Tom Williams, The Mimic's Own Voice
Tom Williams' engrossing debut novel, The Mimic's Own Voice, relates the rise and fall of Douglas Myles, the world-famous professional mimic. If "world-famous" and "mimic" sound strange in the same sentence - most people, myself included, could name only Rich Little among mimics - it's not so strange given Williams' great skill at creating an alternate yet convincing culture in which stage comedians (not just Letterman/Leno/Conan TV-interviewer types) enjoy elite status in the entertainment industry and the United States is blanketed with sold-out comedy clubs and universities are filled with Comedic Studies academics.
Myles is a brilliant, unique talent who reaches the peak of the comedy profession decades after the mimics' heyday, and in fact as the only mimic of his day. And he does so without actually having an act or, more accurately, without writing any of his own material. Instead he vocally duplicates, to utter perfection, the comic routines of other comedians, from the one-liner (vaudeville) comics through the mimics, social critics and observational comics which developed over the decades. Then, after he has nothing left to accomplish in replicating other comics, he switches to a participatory show in which he mimics the voices of audience members, first after hearing them recite details of their lives and then, almost impossibly, before ever hearing them speak. Later, after a long seclusion leaves the public starving for his next act, he unveils a quite poignant but short-lived presentation which totally bewilders audiences and critics alike, and effectively ends his career.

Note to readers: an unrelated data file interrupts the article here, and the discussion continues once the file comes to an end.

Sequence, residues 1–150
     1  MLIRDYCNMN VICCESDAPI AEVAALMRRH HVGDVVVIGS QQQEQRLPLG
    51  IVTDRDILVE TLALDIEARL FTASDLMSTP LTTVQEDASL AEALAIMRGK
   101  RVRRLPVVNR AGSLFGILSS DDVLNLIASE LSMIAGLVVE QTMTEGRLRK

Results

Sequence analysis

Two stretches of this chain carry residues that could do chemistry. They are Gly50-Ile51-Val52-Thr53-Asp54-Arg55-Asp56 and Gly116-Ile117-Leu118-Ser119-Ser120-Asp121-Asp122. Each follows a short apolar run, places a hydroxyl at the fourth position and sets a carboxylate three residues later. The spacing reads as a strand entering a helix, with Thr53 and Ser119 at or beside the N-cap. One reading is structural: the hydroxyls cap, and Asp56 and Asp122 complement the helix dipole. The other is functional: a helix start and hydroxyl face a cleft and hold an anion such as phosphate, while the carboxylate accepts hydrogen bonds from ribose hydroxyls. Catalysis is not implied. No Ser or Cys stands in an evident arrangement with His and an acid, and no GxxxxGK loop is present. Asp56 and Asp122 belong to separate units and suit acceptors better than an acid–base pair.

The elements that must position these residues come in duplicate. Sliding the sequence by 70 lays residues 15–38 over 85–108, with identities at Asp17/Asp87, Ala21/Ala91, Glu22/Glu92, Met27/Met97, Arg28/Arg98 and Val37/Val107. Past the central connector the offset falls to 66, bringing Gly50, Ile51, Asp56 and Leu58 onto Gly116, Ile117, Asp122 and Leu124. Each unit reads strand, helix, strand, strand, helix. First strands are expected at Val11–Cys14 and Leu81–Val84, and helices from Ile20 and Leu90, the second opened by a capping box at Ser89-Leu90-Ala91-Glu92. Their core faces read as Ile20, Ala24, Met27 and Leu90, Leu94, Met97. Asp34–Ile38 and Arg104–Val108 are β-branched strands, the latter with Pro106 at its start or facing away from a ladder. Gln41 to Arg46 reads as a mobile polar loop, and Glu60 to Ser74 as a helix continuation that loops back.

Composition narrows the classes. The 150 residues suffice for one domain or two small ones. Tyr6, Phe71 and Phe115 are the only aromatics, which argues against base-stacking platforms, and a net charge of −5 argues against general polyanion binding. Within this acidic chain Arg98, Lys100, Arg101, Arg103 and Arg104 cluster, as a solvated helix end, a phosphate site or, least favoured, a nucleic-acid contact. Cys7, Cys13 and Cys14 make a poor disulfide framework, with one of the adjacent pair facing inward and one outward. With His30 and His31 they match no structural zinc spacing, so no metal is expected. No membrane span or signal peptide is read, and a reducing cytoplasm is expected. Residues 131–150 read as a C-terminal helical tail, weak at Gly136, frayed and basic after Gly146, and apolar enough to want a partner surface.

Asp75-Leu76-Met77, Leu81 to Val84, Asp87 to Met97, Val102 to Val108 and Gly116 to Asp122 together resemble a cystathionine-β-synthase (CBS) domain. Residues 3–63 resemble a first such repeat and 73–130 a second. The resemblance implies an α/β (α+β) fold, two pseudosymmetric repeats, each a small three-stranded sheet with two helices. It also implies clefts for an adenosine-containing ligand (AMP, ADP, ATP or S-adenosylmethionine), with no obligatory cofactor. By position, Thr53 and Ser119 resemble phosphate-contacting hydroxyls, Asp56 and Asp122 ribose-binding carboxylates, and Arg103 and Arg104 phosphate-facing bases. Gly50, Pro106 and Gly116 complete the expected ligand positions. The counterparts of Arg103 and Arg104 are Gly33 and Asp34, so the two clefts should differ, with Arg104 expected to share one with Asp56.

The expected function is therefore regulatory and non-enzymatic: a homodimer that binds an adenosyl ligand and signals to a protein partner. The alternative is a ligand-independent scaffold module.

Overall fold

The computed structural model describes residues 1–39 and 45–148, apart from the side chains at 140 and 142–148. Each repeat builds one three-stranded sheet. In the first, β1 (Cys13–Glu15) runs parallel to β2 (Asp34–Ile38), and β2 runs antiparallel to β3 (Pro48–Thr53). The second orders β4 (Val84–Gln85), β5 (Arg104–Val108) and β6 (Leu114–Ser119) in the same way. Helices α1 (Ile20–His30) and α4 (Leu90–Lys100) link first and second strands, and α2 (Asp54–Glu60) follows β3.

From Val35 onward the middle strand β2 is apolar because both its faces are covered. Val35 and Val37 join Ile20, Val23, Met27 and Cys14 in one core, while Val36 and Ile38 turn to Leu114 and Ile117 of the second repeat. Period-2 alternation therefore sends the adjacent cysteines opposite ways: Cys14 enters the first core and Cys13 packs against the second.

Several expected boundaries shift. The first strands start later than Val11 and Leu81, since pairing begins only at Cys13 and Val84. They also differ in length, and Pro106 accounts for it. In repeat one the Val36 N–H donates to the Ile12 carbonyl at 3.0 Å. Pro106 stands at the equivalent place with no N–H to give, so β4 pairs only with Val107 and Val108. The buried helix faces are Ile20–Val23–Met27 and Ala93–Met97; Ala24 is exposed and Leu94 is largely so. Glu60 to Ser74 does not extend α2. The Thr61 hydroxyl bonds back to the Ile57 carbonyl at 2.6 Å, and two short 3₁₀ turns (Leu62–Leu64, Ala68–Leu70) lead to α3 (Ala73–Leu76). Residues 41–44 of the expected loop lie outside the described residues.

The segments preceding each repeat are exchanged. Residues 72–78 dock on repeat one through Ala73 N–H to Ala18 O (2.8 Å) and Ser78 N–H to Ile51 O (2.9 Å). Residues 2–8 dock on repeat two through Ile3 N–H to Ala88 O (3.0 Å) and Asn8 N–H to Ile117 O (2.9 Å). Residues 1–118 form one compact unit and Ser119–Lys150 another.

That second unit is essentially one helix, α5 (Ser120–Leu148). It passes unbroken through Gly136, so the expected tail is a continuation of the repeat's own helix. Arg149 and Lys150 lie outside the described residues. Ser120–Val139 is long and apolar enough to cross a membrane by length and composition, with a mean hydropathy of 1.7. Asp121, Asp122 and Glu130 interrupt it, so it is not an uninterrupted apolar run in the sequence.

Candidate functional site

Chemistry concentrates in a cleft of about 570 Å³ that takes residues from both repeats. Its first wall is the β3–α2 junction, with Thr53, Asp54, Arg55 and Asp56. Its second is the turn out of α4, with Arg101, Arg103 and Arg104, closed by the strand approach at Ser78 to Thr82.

All of the above might sound audacious and unbelievable, yet Williams deftly pulls it off. The book is written as a fictional biography of Myles, with the tone being learned but not academic (no jargon), with the narrator's distance from the subject allowing Myles' incredible talent to be described without having to explain just how the prodigy came to be. (The narrator never met the reclusive Myles, who left behind only a brief manuscript memoir as insight to his private life.) There is little dialogue involving Myles, with most of the narrative being the narrator's presentation of the known facts of Myles' life as well as the commentary of various critics. The narrator even establishes a chronology of various comic genres (one-liners, mimics, social critics, observational comics), which indeed roughly follows comedy's timeline over the past century. Further, although Williams completely manufactures the top performers, each genre is described in a familiar enough manner that the reader can easily recognize each genre and its real-life stars (Henny Youngman, Lenny Bruce, Jerry Seinfeld, etc.). This familiar parallel goes a long way toward selling the plausibility of Douglas Myles, or at least making it much easier for the reader to suspend disbelief.
Williams immerses the reader in a culture which is completely fictional, yet familiar enough to be believed. And somehow he makes the reader care about the aloof and retiring Douglas Myles, despite how little is truly known about the mimic's inner life. The Mimic's Own Voice is a quietly stunning debut from a writer of great promise, a truly unique book which gets my highest recommendation.